The original shower room was awkward, with a 90×90 quadrant shower taking over the space as you entered, squeezing past to be faced with a basin and WC. You literally can’t swing a cat in here was my first thoughts, although driving home from my first consultation I was nervous after being all flamboyant promising her a beautiful relaxing space when I was finished.
The total width of the room only being 1400mm by 1900mm so my first thought was to panic, how on earth was I going to fit a bath in here!
I flipped the room and decided to specify the Omnitub, a Japanese style soaking tub. It’s a perfect size (as the client is only 5’8) and deep too, so ticked the spa style. That allowed me 1250 for the basin and WC. All good, but I hate the furniture that sits next to the WC, and a wall mounted basin would be too tucked into the corner. I wanted to make sure that nothing felt squeezed in, or tight fitting. Flaminia do a lovely Lava grey porcelain vessel basin (saltodacqua), which is really good depth, and 420mm in diameter.
The WC is a short projection, so sits well within the space.
By creating studwork to house the WC cistern, it also allows for a large triple door recessed mirror cabinet. Doors are all on a push to open, so less visual / actual clutter. Anyway, back to the basin I needed to make sure that when you use the basin you’re not tight to the wall, so here was the idea (or where it came from). As you look into the room there is a ‘corridor’ section so to speak. This angle is used to start the countertop for the basin to sit on, and is only 500mm deep (allowing 750mm for the WC).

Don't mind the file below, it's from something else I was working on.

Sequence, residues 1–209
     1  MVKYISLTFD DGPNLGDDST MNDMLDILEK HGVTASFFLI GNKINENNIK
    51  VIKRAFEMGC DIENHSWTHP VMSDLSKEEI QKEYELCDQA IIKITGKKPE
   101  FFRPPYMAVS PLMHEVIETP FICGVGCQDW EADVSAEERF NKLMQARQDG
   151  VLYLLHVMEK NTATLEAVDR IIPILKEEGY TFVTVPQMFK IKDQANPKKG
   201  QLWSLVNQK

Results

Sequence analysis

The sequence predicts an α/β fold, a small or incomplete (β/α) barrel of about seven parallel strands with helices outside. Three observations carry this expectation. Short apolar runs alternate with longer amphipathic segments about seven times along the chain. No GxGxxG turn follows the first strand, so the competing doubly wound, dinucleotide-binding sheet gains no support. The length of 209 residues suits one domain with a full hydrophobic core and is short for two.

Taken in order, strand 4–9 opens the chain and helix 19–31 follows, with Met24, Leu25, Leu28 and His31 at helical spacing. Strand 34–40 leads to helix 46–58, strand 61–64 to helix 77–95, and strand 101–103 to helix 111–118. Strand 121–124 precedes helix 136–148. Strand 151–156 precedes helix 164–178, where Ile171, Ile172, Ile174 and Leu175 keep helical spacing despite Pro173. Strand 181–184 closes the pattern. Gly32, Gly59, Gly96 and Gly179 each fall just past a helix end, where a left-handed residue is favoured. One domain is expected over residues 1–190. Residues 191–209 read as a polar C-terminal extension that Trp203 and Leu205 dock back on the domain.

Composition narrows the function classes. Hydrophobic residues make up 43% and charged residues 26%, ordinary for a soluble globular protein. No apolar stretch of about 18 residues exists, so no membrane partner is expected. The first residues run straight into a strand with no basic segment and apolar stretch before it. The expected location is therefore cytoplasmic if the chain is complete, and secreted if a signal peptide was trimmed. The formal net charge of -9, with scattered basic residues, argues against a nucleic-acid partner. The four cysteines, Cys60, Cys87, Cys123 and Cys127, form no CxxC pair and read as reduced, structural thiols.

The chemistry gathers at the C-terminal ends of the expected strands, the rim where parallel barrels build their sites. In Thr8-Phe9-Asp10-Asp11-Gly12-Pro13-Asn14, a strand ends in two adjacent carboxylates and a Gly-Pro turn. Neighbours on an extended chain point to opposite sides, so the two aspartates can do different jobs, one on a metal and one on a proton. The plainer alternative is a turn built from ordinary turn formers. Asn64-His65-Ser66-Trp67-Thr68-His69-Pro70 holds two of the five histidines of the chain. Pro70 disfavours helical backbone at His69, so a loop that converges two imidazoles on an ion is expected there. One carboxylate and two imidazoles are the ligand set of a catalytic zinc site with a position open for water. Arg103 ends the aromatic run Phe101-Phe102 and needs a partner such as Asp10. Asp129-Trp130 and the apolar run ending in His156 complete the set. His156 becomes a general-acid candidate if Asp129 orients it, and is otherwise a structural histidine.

This is also the idea behind the steps on the bath, they too following form the corridor section, to pull the eye into the room. They all, including the basin shelf, have lights underneath to pool the floor with light.
The control for the bath / shower is on the right, quite a job chasing it into the wall, but making sure that client can control everything before getting in. There is no bath spout (no clutter on the bath ledge) an overflow filler does that job, with a riser rail and a shower rose. (the window ledge is angled to allow water to run off)
The radiator is by Bisque, in the beige quartz finish. I think a chrome rail might have been a little to heavy visually. Soft tones, to work with the grey porcelain work better.
The bath has a fixed bath screen, from bath ledge to ceiling, something a little different, but also for the more bespoke feel, I don’t that an ‘off the shelf bath screen’ would do the trick.
The pebbles! Now the pebbles were to give the feeling of a spa, but also, they are lovely to walk on. I wanted to do more than just the floor, so the wall behind the basin now becomes a feature. A simple limestone, plain, chic yet not expensive, so good for the budget.
When it was being built, some people were nervous as it is such a small space, yet now it’s in, it’s a prefect little gem. It feels bigger than it is, and punches above its weight in value for money. The client was speechless and still can’t believe it all fits.
I am now a fan of pebbles.